Saturday, May 5, 2012
Japanese knotweed risotto
The only thing I have against knotweed is its cooked colour - camouflage khaki. But the flavour is excellent compensation.
If your knotweed stems are young, and up to two feet, they are generally tender enough to eat. Look for plump stems. Skinny stems are disappointingly fibrous. Ignore them. My favourite size is short and fat, similar to asparagus. With older stems I peel off the thin outer membrane and also discard the joints in the stems. The leaves at the tips are still tender enough to use, too.
To learn risotto read Marcella Hazan on the subject. She taught me, trough her books. But this is what I did (and remember: When in doubt, stir). And if you are vegetarian, just skip the pancetta.
3 rashers (strips, pieces) pancetta or bacon
1 Tbsp butter
3 scallions, white and green parts finely sliced (and if you have field garlic, use that)
3 cups cut up Japanese knotweed, in quarter inch pieces
1 cup arborio rice
1/2 cup fruity, unwooded white wine
2-3 cups hot stock (vegetable or chicken)
1 squeeze of lemon, no more
Knob of butter
1/3 cup of cream
1/2 cup finely grated Parmigiano Reggiano
Allow the pancetta or bacon to sweat until some fat runs. Add the butter, and when it foams add the scallions or field garlic to the pan. Stir those until coated with butter and fat and cook gently without colouring for about 4 minutes till softer and translucent. Add the rice. Stir to coat until glistening and keep stirring to toast it.
After the rice has turned chalky, add the wine, which will sizzle and make a lot of steam, and keep stirring until absorbed. You may want to turn the heat up a bit. Depends. Add the knotweed and stir. Once the heat envelopes it it will turn that strange khaki colour. Persevere. The knotweed collapses into creamy strands in the moist heat. Now add gulps of hot stock, and stir between each addition. Don't just make soup and wait for it to be absorbed - the stirring is what produces the creamy texture. If your stock is cold you will land up with appetizing glue. I know. You may need more stock...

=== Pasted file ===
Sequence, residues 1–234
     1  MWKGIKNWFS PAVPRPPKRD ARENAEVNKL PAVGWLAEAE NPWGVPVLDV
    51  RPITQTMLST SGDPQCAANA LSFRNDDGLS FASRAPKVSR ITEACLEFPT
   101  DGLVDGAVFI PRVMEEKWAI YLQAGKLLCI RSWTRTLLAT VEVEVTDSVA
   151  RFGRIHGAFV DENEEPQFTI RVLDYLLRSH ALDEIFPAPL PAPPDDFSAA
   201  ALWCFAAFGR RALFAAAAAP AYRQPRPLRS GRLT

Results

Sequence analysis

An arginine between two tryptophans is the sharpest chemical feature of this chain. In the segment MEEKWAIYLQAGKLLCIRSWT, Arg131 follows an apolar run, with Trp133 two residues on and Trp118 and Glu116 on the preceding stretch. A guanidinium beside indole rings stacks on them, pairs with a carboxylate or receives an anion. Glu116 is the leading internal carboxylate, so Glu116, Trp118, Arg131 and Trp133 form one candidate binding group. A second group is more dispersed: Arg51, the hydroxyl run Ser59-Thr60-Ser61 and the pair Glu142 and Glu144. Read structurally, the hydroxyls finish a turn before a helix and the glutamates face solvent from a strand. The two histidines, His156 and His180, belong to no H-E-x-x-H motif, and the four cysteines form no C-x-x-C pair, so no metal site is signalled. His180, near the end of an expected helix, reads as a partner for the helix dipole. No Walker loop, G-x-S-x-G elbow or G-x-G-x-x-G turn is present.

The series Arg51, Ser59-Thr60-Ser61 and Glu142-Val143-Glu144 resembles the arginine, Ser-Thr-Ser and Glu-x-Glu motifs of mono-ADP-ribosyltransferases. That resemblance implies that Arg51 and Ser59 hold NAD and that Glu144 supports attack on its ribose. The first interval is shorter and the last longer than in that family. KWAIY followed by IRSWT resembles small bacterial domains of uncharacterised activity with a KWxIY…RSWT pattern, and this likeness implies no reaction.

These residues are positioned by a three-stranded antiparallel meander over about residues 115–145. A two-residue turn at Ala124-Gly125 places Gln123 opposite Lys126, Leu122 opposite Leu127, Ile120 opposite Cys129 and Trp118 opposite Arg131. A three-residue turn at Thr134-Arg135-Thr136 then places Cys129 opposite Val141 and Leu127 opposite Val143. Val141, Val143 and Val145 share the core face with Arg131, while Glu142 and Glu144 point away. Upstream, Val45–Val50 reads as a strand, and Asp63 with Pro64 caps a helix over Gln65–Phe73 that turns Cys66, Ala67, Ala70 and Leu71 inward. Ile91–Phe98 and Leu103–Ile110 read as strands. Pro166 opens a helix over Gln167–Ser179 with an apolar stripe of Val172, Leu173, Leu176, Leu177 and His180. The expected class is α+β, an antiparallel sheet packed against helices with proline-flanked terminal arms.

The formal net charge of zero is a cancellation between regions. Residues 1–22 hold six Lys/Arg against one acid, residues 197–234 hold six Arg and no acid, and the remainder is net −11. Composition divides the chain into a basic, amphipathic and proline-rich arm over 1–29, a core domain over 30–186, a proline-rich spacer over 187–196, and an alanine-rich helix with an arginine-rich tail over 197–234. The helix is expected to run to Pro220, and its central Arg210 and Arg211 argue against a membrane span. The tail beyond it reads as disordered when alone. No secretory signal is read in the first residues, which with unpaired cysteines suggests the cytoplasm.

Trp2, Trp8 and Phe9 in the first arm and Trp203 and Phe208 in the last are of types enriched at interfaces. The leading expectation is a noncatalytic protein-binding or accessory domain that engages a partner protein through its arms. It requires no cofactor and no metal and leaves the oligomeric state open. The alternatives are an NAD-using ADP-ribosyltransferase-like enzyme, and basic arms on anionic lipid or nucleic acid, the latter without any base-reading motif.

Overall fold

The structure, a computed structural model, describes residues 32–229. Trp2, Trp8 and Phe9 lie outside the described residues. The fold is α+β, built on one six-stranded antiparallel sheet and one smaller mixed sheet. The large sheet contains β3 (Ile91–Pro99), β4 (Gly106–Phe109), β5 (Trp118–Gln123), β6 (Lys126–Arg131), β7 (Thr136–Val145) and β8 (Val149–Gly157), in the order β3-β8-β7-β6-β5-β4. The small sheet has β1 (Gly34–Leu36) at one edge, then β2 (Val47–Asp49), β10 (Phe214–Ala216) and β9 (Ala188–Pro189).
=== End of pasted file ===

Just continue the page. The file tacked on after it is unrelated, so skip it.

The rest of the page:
After about twelve to fifteen minutes of this I start to nibble rice grains to see how done they are. You do not want mush. They must be firm, but not crunchy and chalky in the middle. Add the squeeze of lemon, stir, add the cream, stir, taste and season with pepper. In that order.
Add the cheese moments before you eat it and stir again. Taste again. Salt may not be necessary, because of the cheese. Turn into a warmed bowl, eat at once.
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